Lockdown has been challenging for everybody, and people have experienced the last year in so many different ways.
While some have struggled with boredom, and been forced to turn to extreme sourdough baking, others have been rushed off their feet, juggling home-schooling and work. Those of us who are in vulnerable or shielding groups have had the additional burdens of stress, worry and isolation.
But there have been some positives to come out of the last year – new ways of living; new skills developed; a fresh outlook on the world. We spoke to members of our Arthur’s Place Social Facebook group about the good things that they can take away from a year of lockdown.
New ways of living
Vicky says: “I had lots of positives that came out of lockdown. It was the first time in years that I had no plans, no work, no schedule or timetable and it was so liberating. I loved just chilling in the garden without a care about what time it was and knowing I had nowhere to go. Even though we lost a lot of income, having the time to relax and do nothing was so good for me. It’s made me conscious of the fact that I never relax but have to constantly busy myself.”
Sophie says: “It’s taught me to slow down a bit and know that it’s okay to ask for help. I applied for PIP for the first time when it’s something I know I should have been on years ago!”
With so many people working from home during the pandemic, attitudes have shifted. Home-working is no longer seen as a bit of a “skive” by employers, as workers have been able to prove that productivity does not necessarily drop. The hope for many people is that they will be able to continue working from home, at least some of the time, when life returns to “normal”.
E says: “I learned that working from home was really good for my RA! It has been so lovely to have an ice pack or heating pad on hand whenever I’m in pain. It has also been really freeing to not need to hide my pain and pretend like everything is okay at the office.
“Working from home has really improved my quality of life. I am going to try and work a few days from home a week after the pandemic is over.”
K agrees – she says that the pandemic has helped her to create boundaries with people who were not previously very understanding of her condition. “I’d been struggling in my work for about six years and have managed to finally get my RA under control,” she says. “These were huge positives for me and I would hate to go back to before.”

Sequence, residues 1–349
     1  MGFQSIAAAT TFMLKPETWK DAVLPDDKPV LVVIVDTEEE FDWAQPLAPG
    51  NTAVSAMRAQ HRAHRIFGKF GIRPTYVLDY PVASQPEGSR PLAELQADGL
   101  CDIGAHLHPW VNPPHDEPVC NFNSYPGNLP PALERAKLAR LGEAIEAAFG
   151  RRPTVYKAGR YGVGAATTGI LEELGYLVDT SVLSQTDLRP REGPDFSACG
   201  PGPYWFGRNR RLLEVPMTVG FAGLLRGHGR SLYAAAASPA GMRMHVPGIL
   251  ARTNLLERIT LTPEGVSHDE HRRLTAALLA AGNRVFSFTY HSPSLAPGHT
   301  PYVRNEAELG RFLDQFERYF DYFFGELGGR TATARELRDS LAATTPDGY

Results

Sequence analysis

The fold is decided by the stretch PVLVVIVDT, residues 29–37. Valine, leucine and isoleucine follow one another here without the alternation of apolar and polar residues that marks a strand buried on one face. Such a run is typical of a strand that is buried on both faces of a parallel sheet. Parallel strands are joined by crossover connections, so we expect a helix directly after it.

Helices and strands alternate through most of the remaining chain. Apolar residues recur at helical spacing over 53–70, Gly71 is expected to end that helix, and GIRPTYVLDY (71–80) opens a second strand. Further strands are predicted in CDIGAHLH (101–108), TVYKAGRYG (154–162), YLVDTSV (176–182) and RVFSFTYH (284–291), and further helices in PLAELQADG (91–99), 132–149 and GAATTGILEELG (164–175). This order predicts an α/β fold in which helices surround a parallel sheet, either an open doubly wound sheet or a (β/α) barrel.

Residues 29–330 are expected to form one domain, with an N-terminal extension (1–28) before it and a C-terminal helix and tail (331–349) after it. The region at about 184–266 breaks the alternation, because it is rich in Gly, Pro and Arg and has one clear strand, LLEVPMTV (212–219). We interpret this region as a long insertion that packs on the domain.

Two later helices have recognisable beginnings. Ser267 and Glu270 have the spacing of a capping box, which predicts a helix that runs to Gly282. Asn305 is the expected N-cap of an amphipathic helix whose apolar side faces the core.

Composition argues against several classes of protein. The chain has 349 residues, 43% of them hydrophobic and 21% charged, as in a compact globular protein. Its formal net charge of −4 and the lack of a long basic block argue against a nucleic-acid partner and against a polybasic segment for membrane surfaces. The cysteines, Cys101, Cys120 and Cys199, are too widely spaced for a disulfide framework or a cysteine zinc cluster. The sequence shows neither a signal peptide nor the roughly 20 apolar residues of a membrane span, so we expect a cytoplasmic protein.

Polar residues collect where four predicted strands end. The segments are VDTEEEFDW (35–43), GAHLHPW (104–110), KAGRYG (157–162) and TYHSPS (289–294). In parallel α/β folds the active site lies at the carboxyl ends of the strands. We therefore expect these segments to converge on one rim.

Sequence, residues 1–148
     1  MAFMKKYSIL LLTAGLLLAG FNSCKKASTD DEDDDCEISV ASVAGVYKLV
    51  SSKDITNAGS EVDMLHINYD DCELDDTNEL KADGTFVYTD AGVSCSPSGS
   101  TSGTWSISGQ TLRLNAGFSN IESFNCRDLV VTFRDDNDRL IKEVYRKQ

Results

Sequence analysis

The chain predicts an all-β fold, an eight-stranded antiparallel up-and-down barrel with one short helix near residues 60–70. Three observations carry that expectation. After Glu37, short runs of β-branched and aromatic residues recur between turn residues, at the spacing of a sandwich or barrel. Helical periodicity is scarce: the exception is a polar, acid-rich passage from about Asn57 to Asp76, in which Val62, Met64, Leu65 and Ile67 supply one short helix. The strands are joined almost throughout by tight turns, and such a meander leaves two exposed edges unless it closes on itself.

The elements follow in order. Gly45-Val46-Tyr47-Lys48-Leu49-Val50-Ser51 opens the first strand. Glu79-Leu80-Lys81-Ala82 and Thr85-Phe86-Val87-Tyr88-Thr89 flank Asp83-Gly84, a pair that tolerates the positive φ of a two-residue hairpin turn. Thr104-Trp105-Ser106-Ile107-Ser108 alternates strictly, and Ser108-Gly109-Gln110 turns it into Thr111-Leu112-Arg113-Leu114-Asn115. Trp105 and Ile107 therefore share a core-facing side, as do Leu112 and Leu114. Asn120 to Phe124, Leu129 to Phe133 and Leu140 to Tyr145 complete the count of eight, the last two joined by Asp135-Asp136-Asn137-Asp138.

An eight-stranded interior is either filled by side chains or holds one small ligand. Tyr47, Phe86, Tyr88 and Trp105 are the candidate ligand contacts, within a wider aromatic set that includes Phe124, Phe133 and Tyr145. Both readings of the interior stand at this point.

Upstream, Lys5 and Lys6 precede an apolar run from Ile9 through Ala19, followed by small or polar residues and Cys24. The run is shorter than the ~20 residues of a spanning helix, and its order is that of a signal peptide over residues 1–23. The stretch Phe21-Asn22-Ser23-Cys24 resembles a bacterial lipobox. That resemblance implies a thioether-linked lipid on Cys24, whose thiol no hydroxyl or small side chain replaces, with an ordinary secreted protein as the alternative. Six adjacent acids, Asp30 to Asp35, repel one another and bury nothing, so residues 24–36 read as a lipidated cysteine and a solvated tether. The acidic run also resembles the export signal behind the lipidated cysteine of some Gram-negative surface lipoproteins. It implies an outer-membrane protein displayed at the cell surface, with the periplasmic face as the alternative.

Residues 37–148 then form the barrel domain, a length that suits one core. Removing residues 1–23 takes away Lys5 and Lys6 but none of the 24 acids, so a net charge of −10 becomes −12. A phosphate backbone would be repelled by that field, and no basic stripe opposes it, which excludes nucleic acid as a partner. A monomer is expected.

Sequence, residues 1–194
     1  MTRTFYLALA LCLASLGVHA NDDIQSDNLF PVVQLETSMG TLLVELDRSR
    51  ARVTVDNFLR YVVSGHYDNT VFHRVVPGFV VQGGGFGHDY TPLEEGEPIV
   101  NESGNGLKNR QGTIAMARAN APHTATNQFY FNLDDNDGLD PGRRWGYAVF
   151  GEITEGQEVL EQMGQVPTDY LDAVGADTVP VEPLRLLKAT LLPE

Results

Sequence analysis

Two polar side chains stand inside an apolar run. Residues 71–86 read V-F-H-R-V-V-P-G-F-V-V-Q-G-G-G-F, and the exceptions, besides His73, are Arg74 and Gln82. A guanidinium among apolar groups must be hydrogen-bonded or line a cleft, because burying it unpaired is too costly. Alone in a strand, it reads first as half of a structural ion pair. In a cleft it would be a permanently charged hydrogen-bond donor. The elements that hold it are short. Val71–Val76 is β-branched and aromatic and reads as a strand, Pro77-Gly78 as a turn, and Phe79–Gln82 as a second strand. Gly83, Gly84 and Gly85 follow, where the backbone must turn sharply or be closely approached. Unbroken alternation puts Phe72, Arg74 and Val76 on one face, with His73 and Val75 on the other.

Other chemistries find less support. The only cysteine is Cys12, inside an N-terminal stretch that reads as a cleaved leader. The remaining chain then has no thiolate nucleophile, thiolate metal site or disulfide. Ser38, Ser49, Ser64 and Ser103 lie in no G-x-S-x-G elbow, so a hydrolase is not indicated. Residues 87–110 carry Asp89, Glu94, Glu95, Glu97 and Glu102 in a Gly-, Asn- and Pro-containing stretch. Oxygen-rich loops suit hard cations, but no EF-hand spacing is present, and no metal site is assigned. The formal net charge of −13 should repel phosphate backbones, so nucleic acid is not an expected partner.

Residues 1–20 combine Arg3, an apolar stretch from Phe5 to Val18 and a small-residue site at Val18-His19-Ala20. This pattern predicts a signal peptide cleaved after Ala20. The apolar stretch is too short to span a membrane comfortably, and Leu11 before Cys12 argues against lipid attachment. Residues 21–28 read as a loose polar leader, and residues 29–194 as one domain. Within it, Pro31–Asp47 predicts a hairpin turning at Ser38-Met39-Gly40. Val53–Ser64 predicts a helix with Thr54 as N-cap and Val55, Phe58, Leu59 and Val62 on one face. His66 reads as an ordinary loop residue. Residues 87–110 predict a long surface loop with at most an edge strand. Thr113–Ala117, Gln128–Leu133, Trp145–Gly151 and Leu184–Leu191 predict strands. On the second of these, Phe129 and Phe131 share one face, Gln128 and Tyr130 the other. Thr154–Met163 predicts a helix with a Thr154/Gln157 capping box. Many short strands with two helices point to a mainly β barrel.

Chat about this in our Facebook group
Baking, DIY, finding new and creative ways to entertain the children – we’ve all had to dig deep into our reserves to discover new things to do over the last year.
Lorna has rediscovered her artistic streak, creating amazing dot work paintings. She says: “I thought I wasn’t creative anymore, my own mind and body had told me I couldn’t draw anymore due to pain and cramping in my hands. I discovered dot work painting. Don’t need to be too precise, but can be on my better days.”
Vicky says: “I had the time to do some DIY projects I’d been putting off for years – painting the kitchen and restoring an old garden bench.
“I also found it really satisfying being the one to teach my son to read and giving him a love of books.”
H has risen to the challenge of learning new things at work. She says: “I had to teach my university courses online and learnt a heap about computers and software! I had no idea at the start but found myself teaching others (including my millennial students! 😅) by the end of the first semester.”
Then there are the little victories – those tiny things that make the days a bit more joyful. Hannah says: “I’ve had the time to nail my roast potato technique!” Jen says: “I taught my four-year-old the Macarena.”
Appreciating what you’ve got
When we asked Arthur’s Place members, in a recent survey, what they were looking forward to most after lockdown, it was the most simple things that people were longing for. “Normal life”. Seeing friends again, eating out, hugging friends and family, travelling, going to gigs and festivals, seeing new places, face-to-face uni classes, going back to work – even just being able to go shopping again. The pandemic really has given us a new appreciation of the little things in life.
C says: “I’ve got control of my sleep and diet, added exercises and made room for my family via Skype (I live abroad). I’ve spent more time with everyone in the last year. I’ve had more time to understand my diagnosis and how I can make myself feel better (within reason).”
Vicky says: “It reminded me that I enjoy the simple things in life – watching the maple tree in my garden change with the seasons, a bike ride in to the forest and relaxing with a good book.”
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